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Lynch v. State

Court of Appeals of Missouri, Eastern District, Third Division

May 29, 2018

RICHARD LYNCH, Appellant,
v.
STATE OF MISSOURI, Respondent.

          Appeal from the Circuit Court of St. Louis County 14SL-CC02387 Honorable Thea A. Sherry

          Gary M. Gaertner, Jr, Presiding Judge

         Introduction

         Richard Lynch (Movant) appeals from the motion court's judgment denying his Rule 29.15[1] motion after an evidentiary hearing. Movant argues the motion court erred in denying post-conviction relief because his trial counsel was ineffective for failing to object to the presence of the victims in the courtroom and for failing to submit an instruction for a lesser-included offense. We affirm.

         Factual and Procedural Background

         A jury convicted Movant after a trial of burglary in the first degree, two counts of robbery in the first degree, and three associated counts of armed criminal action, stemming from a home invasion. The trial court sentenced Movant to concurrent terms of life in prison for each count of first-degree burglary and first-degree robbery, also concurrent to terms often years on each of the three counts of armed criminal action. This Court affirmed the convictions and sentences on appeal. State v. Lynch. 424 S.W.3d 466 (Mo. App. E.D. 2014).

         Movant timely filed a pro se motion for post-conviction relief pursuant to Rule 29.15. Appointed counsel filed an amended motion, asserting Movant's trial counsel was ineffective-as relevant to the issues raised on appeal-for failing to request lesser-included-offense instructions for both counts of first-degree robbery, and for failing to move for the exclusion of the victim/witness Nicole Lanius and to object to her presence in the courtroom on the basis that Missouri's victim rights provisions conflict with the defendant's constitutional right to witness exclusion.

         At an evidentiary hearing, Stephen Reynolds (Reynolds) testified he worked for the Missouri Public Defender's Office and he represented Movant during his trial. Reynolds' strategy during trial was to seek acquittal on the first-degree robbery charges by challenging the voice identification because the victims were under duress due to being held at gunpoint in their home, and requesting a lesser-included-offense instruction of robbery in the second degree would have contradicted this strategy. Further, although he recalled both victims being present in the courtroom and having a sidebar discussion with the court about it, his strategy at trial was to assert that the victims had colluded with each other about the voice identification, and having them both present in the courtroom together supported his theory. Reynolds noted that it would have been "helpful" to his strategy if the jury noticed the victims sitting together during trial. Reynolds agreed that it was in the judge's discretion to exclude any witness.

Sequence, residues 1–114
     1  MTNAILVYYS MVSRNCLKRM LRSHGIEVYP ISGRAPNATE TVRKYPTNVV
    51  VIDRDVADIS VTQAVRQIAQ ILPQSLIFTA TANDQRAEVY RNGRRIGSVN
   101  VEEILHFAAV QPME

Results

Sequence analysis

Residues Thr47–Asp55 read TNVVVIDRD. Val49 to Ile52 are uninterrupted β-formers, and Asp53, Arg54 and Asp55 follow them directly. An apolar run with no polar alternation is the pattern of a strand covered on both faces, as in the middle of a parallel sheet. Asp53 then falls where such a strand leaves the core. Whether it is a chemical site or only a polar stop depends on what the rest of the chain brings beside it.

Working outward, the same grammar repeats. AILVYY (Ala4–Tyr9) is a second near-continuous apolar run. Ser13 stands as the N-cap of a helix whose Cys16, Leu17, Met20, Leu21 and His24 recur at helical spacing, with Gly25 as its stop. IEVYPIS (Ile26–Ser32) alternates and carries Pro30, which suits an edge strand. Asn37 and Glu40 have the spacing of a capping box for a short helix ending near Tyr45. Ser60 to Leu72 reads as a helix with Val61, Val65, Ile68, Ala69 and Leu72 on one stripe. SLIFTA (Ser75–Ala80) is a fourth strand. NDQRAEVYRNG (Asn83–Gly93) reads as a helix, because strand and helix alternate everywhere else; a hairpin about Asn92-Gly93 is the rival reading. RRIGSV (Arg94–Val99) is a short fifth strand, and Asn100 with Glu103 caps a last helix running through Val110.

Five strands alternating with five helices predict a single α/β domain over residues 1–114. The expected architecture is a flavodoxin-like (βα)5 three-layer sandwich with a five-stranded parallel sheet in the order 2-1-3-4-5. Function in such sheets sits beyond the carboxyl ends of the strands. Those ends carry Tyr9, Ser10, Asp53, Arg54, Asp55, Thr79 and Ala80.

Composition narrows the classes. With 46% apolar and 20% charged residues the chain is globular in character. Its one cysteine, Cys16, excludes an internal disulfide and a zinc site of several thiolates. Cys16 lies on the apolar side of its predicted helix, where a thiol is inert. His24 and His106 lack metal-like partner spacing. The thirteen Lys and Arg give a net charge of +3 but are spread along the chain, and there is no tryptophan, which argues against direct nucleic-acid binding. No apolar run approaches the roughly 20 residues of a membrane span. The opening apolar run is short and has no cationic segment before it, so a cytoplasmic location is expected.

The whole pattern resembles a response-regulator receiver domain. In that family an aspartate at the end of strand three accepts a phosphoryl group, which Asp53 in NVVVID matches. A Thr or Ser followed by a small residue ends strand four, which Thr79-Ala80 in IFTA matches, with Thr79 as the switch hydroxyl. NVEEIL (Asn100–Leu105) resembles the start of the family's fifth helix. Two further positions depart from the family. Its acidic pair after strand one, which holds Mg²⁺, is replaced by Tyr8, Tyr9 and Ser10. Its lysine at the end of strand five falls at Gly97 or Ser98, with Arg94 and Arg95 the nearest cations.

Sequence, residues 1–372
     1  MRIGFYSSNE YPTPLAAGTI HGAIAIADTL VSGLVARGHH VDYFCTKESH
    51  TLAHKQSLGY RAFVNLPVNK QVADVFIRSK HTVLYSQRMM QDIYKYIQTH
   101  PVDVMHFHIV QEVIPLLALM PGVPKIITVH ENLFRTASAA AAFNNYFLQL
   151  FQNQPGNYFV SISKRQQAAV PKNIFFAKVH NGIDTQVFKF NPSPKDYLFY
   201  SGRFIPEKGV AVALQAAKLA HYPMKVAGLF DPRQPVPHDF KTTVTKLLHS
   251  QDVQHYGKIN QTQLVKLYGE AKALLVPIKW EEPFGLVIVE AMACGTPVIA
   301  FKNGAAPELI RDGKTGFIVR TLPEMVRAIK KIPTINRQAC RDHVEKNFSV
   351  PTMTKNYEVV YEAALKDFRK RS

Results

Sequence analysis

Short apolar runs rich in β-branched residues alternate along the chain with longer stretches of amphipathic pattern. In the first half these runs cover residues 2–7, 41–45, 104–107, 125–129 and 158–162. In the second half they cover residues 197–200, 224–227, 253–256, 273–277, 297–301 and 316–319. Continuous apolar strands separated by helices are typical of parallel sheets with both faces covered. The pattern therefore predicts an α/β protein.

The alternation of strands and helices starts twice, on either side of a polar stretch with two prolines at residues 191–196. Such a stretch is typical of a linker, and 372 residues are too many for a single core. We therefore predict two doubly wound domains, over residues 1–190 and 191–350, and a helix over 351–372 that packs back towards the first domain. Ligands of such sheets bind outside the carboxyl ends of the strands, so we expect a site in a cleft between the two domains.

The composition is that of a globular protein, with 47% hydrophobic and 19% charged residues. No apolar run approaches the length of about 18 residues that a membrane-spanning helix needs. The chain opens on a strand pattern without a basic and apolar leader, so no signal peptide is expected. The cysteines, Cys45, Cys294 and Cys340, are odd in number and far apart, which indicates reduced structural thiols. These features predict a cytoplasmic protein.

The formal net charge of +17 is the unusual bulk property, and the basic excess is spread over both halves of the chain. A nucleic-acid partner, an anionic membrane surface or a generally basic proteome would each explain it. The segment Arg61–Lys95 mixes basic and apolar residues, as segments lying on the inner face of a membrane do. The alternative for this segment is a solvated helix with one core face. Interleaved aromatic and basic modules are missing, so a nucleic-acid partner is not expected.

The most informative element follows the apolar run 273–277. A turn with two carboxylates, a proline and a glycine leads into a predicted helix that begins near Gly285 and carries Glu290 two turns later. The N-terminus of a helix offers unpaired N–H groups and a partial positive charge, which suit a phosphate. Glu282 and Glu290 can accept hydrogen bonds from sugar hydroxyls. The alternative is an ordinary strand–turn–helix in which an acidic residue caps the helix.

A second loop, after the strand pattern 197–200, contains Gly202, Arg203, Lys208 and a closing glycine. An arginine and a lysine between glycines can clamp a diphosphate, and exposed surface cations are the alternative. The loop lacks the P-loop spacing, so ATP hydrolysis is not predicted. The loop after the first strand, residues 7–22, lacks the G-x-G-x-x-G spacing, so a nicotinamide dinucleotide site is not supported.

After the evidentiary hearing, the motion court entered judgment denying the amended motion. The motion court noted that even if Reynolds had requested that the victims be excluded from the courtroom during the trial, the trial court judge-who was the same judge presiding over the motion court here-would not have granted the request, in light of the provisions of the Missouri Constitution and statutes granting victims the right to be present during trial. This appeal follows.

         Standard of Review

         On appeal, we limit our review of the denial of a motion for post-conviction relief to a determination of whether the findings and conclusions of the motion court are clearly erroneous. Rule 29.15(k). The motion court's findings of fact and conclusions of law are clearly erroneous only if the reviewing court, having examined the entire record, is left with the definite and firm impression that a mistake has been made. Johnson v. State, 406 S.W.3d 892, 898 (Mo. banc 2013).

         Discussion

         Point I

         In his first point on appeal, Movant argues the motion court erred in denying his amended motion because Reynolds failed to object to the presence of the victims in the courtroom by challenging the constitutionality of the victims' rights provisions of the Missouri Constitution Article 1, section 32 and Section 595.209, RSMo. (cum. supp. 2016). Movant further argues ...


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